Asian shares stutter, while US dollar rally pauses

Asian stocks have edged lower as the prospect of the US central bank having to stay on its hawkish path weighed on sentiment, with investors looking to the minutes of the latest Federal Reserve meeting for further monetary policy clues.

MSCI’s broadest index of Asia-Pacific shares outside Japan eased 0.34 per cent to 531.85 on Tuesday, hovering around six-week lows of 529.30 it touched last week.

The index is down nearly 3 per cent this month after jumping 8.6 per cent in January as a slew of robust US economic data reinforced fears that interest rates may need to rise further and stay higher for longer.

The market is now pricing US interest rates to peak at 5.30 per cent in July and remain above 5 per cent by the end of the year, moving away from expectations of deeper rate cuts this year.

Japan’s Nikkei was 0.01 per cent higher, while Australia’s S&P/ASX 200 index fell 0.52 per cent. China’s shares were set to start flat while Hong Kong’s Hang Seng Index opened 0.1 per cent lower.

“The backdrop of inflation concerns in the US is still keeping risks of a tighter than expected monetary policy, and yields remain a key focus as US markets return later today,” strategists at Saxo Markets said.

US markets were closed on Monday due to President’s Day holiday.

The yield on 10-year Treasury notes was up 3.5 basis points to 3.863 per cent, after touching a three-month high of 3.929 per cent on Friday.

The yield on the 30-year Treasury bond was up 1 basis points to 3.899 per cent, while that of the two-year US Treasury paper, which typically moves in step with interest rate expectations, was up 5.4 basis points at 4.677 per cent.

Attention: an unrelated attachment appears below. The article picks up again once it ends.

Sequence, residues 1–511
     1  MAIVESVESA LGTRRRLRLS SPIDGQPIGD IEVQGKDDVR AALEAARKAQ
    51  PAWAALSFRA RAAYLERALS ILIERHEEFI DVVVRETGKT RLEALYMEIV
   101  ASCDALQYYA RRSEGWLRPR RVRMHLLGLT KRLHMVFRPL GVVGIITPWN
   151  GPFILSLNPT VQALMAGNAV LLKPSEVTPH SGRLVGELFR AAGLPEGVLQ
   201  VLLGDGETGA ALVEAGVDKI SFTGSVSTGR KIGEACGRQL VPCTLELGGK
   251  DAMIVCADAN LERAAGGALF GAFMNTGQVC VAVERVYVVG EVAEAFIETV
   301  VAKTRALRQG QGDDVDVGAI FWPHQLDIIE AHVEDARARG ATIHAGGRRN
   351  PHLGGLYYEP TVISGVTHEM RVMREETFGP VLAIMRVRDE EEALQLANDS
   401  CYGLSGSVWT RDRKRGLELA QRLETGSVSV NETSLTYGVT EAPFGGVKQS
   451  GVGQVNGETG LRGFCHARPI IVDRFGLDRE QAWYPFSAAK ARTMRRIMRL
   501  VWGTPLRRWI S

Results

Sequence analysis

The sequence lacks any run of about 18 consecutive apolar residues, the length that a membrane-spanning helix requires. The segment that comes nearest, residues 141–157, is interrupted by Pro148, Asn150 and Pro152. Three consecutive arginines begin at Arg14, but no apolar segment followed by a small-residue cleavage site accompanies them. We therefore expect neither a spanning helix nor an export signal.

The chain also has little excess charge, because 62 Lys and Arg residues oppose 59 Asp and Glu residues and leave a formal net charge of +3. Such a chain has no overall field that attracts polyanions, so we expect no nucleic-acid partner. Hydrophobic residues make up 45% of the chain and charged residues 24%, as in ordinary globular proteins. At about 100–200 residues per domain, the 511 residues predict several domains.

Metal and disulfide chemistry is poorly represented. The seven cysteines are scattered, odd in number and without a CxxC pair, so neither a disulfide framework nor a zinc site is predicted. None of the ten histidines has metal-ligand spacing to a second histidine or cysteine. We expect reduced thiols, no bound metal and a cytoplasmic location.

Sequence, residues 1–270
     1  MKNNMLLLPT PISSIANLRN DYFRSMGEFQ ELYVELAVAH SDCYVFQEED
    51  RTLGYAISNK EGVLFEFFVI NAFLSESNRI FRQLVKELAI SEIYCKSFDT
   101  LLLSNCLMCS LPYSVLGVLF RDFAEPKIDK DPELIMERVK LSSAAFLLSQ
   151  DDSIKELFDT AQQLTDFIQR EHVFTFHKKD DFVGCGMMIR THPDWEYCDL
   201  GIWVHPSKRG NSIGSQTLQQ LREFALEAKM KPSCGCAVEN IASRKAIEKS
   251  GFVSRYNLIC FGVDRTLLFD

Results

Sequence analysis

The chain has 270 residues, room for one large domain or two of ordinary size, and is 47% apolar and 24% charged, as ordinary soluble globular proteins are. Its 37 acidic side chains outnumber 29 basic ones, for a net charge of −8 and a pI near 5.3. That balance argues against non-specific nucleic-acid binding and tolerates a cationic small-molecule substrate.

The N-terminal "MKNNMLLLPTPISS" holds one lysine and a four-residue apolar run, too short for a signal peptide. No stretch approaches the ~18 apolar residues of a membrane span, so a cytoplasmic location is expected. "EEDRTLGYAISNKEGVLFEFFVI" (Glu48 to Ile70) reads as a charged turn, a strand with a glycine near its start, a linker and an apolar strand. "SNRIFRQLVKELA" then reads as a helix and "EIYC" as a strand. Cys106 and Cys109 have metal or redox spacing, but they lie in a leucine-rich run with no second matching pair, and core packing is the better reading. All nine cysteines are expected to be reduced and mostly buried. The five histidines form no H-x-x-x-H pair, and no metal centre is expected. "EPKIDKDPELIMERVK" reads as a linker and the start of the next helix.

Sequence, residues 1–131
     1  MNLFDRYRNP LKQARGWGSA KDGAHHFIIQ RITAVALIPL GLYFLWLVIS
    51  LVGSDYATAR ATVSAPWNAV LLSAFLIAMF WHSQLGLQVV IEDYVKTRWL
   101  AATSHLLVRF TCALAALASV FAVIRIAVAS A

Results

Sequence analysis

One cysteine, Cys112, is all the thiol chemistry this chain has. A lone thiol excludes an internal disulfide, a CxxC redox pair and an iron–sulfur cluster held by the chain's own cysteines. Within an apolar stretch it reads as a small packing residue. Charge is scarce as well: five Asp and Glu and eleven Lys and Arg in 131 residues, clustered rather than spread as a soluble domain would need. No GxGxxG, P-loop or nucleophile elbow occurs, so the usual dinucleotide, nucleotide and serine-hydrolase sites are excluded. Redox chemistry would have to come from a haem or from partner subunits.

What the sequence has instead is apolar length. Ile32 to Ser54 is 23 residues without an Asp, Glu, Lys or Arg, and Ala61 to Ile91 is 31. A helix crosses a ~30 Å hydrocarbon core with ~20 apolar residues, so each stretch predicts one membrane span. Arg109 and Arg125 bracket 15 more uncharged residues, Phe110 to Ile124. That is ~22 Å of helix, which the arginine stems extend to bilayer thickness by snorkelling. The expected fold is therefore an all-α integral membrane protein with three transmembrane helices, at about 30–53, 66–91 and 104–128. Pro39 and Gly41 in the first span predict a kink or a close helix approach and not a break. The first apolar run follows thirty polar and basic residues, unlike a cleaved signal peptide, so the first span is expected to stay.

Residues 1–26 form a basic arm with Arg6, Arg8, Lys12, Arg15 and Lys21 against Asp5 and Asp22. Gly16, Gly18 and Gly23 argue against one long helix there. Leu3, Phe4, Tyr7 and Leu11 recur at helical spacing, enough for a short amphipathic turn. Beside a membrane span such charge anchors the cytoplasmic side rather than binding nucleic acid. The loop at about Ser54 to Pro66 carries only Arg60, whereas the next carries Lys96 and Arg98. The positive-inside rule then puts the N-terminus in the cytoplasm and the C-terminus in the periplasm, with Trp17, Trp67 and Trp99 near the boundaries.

Investor focus is firmly on the release on Wednesday of the minutes of the Fed’s latest meeting when it raised interest rates by 25 basis points.

In the currency market, the dollar hovered just shy of recent peaks as a three-week rally faded, with traders looking to European and US manufacturing data later Tuesday and Friday’s core PCE price index to help guide their next steps.

DBS currency strategist Philip Wee said the market was bracing for another surprise in the PCE data after the strong US nonfarm payrolls and CPI readings this month.

The dollar index, which measures the US currency against six other rivals, was last at 104.01, just below a six-week high of 104.67 it touched on Friday. The euro fell 0.12 per cent to $1.0669, and is set to snap four straight months of gains and end February lower.

The yen weakened 0.12 per cent to 134.40 per dollar, while sterling was last at $1.2022, down 0.13 per cent.

US crude was up 1.02 per cent at $77.12 per barrel and Brent was at $83.80, down 0.32 per cent on the day.

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